The State’s Largest Budget Cost Driver

Before You Go Any Further!

I need your help.  Next month I’m going to be writing my mid-year economic update and I want to hear your thoughts on the condition of Alaska’s economy.  Is it up?  Down?  Flat??  Before you read any further click this link and send me a short email. Once you’ve given me your deepest insights, don’t forget to come back and read this month’s main dish.

The Relationship between Medicaid and the Economy

Do you remember watching cartoons as a child and the hero of the story would climb to the top of circus tower and dive into a tiny cup of water at the bottom and then the villain would do the same, but would tragically and catastrophically fail to fit into the cup?  Metaphorically, I’m about to take that leap as I try to fit one of Alaska’s most complicated issues into a succinct blog post.  Here’s what you need to know for background:

  • The Alaska Department of Health and Social Services (AKHSS) is Alaska’s largest budget line item accounting for $3.2 billion out of $10.3 billion budget (including the Permanent Fund Dividend). That’s 30% of our overall budget FY ’19 budget.
  • With respect to the unrestricted general fund (UGF) budget (i.e., the one we fight over every year), AKHSS is $1.1 billion out of the $5.5 billion FY ’19 UGF budget including the PFD. So, 20 cents of every dollar that we’re spending of our own money goes to AKHSS.
  • The Medicaid program is the largest portion of the AKHSS UGF budget at $661 million out of the $1.1 billion. Thus, about 12.5 cents out of every dollar of our own money that we’re spending in Alaska goes to funding our share of the Medicaid program.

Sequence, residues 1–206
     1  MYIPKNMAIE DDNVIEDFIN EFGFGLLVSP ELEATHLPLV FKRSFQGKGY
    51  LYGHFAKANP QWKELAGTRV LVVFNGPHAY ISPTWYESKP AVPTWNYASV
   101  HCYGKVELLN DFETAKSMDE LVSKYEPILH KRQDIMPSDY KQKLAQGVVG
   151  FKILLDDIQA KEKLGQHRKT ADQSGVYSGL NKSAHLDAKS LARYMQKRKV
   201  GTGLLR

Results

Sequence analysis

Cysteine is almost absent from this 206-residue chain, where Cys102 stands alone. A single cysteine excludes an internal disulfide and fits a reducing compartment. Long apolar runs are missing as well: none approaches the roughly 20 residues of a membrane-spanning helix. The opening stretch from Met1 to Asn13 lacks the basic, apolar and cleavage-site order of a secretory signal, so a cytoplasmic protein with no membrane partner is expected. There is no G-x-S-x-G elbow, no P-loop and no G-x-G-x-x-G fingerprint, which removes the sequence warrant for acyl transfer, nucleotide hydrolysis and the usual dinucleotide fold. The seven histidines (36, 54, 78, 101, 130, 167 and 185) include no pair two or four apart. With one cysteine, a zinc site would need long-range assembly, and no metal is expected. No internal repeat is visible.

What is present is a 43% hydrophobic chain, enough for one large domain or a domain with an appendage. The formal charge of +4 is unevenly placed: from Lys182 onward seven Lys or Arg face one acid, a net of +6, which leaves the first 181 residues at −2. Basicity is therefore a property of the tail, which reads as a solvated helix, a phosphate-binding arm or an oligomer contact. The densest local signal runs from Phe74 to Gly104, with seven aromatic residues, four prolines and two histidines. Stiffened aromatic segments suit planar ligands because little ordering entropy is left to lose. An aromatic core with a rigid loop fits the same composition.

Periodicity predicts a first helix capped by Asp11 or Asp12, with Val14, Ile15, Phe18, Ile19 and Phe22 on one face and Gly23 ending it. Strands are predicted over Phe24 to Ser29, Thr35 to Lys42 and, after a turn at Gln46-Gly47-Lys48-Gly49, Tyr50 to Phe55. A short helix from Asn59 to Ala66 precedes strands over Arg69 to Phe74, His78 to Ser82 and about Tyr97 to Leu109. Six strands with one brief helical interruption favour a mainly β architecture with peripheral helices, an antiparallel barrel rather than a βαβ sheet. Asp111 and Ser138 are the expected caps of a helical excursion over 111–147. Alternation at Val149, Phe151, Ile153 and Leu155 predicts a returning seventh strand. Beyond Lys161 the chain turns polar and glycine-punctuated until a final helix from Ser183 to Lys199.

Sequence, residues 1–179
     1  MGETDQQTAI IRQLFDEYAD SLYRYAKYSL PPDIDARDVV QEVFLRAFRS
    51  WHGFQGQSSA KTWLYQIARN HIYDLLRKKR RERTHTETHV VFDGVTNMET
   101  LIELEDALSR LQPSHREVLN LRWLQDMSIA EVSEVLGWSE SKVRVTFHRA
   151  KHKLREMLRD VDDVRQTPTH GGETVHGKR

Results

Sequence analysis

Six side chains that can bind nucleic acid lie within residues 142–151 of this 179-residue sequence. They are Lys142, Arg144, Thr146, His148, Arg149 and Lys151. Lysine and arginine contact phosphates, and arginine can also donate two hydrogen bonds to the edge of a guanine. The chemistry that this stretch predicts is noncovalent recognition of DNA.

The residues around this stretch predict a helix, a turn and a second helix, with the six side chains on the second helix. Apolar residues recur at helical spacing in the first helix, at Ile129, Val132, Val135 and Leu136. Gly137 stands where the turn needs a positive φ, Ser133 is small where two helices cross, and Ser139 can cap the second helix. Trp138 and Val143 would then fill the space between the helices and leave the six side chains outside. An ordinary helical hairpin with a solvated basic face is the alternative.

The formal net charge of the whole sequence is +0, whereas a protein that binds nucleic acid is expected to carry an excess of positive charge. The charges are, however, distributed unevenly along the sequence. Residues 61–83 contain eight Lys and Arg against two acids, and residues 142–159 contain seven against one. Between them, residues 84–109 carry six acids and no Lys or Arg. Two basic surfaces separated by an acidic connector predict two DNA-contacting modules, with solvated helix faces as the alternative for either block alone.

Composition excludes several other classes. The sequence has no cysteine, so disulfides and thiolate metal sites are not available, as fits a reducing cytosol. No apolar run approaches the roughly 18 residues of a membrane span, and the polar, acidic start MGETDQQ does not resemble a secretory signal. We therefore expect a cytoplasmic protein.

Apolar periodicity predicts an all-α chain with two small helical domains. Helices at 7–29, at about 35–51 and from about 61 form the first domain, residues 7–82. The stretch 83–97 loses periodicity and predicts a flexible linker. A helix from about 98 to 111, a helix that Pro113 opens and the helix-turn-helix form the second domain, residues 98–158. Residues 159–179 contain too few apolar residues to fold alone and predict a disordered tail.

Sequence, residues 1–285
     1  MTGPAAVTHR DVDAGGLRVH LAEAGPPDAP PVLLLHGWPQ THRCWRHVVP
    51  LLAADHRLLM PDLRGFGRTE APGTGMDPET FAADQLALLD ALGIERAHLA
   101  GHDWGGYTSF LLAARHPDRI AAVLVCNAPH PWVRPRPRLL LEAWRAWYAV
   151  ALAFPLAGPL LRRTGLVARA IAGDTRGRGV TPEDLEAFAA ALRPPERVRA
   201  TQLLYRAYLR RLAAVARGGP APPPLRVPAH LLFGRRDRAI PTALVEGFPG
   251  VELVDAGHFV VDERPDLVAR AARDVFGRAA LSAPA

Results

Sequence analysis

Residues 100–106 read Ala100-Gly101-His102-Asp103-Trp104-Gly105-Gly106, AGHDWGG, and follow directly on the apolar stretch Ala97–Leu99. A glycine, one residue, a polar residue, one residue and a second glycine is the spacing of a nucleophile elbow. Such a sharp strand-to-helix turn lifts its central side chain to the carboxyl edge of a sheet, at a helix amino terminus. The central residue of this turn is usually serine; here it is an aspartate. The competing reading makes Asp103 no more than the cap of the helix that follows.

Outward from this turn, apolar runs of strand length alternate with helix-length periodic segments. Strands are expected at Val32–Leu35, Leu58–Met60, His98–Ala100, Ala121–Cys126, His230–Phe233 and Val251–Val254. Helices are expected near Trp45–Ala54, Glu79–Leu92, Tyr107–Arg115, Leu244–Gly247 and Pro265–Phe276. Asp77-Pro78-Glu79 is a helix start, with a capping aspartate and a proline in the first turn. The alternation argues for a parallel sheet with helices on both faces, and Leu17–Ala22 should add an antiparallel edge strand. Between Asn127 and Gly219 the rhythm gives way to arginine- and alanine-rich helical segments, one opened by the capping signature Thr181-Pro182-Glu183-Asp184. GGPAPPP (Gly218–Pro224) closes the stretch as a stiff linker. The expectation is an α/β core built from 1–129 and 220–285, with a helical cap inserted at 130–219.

• Over 200,000 Alaskans, 1 in every 3.65, is now enrolled in Medicaid. Simply put, every fourth person that you meet walking down the street is part of Medicaid, either as part of the traditional program or as part of the expansion population created by “Obamacare”.

For the rest of this post we’re going to set the “Obamacare” folks aside.  These individuals are childless, uninsured poor adults who likely don’t make enough to purchase insurance on the subsidized exchanges.  Yes, they’re now 20% of the program’s population, but the Federal Government pays for more than 90% of their costs.  So, they count towards that $3.2 billion of combined state and federal money that we’re spending, but not as much towards the $661 million which comes from our own pocket.  Let’s just focus on the traditional Medicaid population composed of three groups: (i) low income families, children, and pregnant women; (ii) low-income elders; and (iii) low-income disabled persons.

Prior to the third quarter of 2015 traditional Medicaid population was growing at the rate of population rate growth at about 0.8% per year (see Figure 1)  ; cost pressures primarily came from Alaska’s ever-increasing cost of medical care and the cost of transportation. Between late 2015 and mid 2017 the compounded annual growth rate hit the hyperdrive exploding from 0.8% per year to 9% per year with a peak rate close to 14% per year.  An additional 35,000 bodies at $11,000 a year is a whole lot of cost pressure on the system. Yet, state expenditures stayed comparatively flat thanks to some smart and aggressive management at AKHSS and a helpful Obama Administration.  Traditional Medicaid enrollment peaked last summer at 163,000 enrollees, up from ~125,000 in 2014, and the six-month average is now running at 159,525.

Figure 1. Traditional Medicaid Population in Alaska July 2014-March 2018












Source: Halcyon Consulting 2018 from Alaska Department of Health and Social Services, 2018.